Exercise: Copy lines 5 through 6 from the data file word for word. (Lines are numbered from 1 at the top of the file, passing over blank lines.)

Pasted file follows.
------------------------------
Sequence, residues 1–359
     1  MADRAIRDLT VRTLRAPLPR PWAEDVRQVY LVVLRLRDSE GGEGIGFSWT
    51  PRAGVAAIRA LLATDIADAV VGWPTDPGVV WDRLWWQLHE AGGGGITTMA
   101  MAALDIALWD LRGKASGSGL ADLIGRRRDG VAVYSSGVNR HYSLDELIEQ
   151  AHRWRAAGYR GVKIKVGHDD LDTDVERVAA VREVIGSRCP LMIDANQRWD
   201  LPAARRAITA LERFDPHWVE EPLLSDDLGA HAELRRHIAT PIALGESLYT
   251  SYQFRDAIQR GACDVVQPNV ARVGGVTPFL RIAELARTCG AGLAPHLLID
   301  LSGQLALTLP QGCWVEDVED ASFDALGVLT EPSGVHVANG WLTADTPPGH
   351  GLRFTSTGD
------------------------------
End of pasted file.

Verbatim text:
   151  AHRWRAAGYR GVKIKVGHDD LDTDVERVAA VREVIGSRCP LMIDANQRWD
   201  LPAARRAITA LERFDPHWVE EPLLSDDLGA HAELRRHIAT PIALGESLYT